The sacrifice required of Abraham was not alone for his own good, nor solely for the benefit of succeeding generations; but it was also for the instruction of the sinless intelligences of heaven and of other worlds. The field of the controversy between Christ and Satan—the field on which the plan of redemption is wrought out—is the lesson book of the universe. Because Abraham had shown a lack of faith in God's promises, Satan had accused him before the angels and before God of having failed to comply with the conditions of the covenant, and as unworthy of its blessings. God desired to prove the loyalty of His servant before all heaven, to demonstrate that nothing less than perfect obedience can be accepted, and to open more fully before them the plan of salvation. PP 154.3Read in context »
Do not dishonor Jesus by doubting His precious promises. He wants us to believe in Him with unwavering faith. There is a class who say, “I believe, I believe,” and claim all the promises which are given on condition of obedience. While they claim everything in the promises of God, they do not the works of Christ. God is not honored by any such faith, it is a spurious faith. Then we see a people trying to keep all of God's commandments, but there are many of these who do not come up to their exalted privileges and claim nothing. God's promises are to those who keep His commandments and do those things that are pleasing in His sight.... TDG 9.3Read in context »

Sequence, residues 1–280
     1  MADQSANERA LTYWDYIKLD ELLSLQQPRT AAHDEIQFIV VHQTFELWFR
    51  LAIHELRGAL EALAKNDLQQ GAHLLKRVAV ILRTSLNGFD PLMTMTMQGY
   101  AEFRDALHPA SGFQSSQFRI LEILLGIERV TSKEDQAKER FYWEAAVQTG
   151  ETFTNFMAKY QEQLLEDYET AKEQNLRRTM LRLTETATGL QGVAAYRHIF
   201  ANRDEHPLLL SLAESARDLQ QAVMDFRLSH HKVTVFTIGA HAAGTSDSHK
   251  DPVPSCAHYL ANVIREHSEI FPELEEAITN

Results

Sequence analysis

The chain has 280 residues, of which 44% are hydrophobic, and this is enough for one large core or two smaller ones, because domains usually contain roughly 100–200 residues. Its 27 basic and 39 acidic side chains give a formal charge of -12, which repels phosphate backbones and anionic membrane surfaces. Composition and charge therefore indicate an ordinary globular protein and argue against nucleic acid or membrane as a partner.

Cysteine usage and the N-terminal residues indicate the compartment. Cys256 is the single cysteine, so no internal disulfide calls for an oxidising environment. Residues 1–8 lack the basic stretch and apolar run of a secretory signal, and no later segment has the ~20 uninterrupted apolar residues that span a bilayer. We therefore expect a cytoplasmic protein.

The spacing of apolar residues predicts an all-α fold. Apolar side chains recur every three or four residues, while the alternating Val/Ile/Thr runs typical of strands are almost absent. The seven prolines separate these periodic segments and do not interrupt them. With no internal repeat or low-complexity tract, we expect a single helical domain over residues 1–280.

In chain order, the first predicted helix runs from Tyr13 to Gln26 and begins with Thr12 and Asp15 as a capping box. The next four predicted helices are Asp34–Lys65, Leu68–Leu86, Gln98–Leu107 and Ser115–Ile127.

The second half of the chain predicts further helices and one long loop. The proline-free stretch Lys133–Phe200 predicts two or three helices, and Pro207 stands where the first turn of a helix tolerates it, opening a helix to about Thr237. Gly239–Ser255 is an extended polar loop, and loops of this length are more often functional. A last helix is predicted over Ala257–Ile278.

Among His hearers many were drawn to Him in faith, and to them He said, “If ye continue in My word, then are ye My disciples indeed; and ye shall know the truth, and the truth shall make you free.” DA 466.1
These words offended the Pharisees. The nation's long subjection to a foreign yoke, they disregarded, and angrily exclaimed, “We be Abraham's seed, and were never in bondage to any man: how sayest Thou, Ye shall be made free?” Jesus looked upon these men, the slaves of malice, whose thoughts were bent upon revenge, and sadly answered, “Verily, verily, I say unto you, Whosoever committeth sin is the servant of sin.” They were in the worst kind of bondage,—ruled by the spirit of evil. DA 466.2
Every soul that refuses to give himself to God is under the control of another power. He is not his own. He may talk of freedom, but he is in the most abject slavery. He is not allowed to see the beauty of truth, for his mind is under the control of Satan. While he flatters himself that he is following the dictates of his own judgment, he obeys the will of the prince of darkness. Christ came to break the shackles of sin-slavery from the soul. “If the Son therefore shall make you free, ye shall be free indeed.” “The law of the Spirit of life in Christ Jesus” sets us “free from the law of sin and death.” Romans 8:2. DA 466.3Read in context »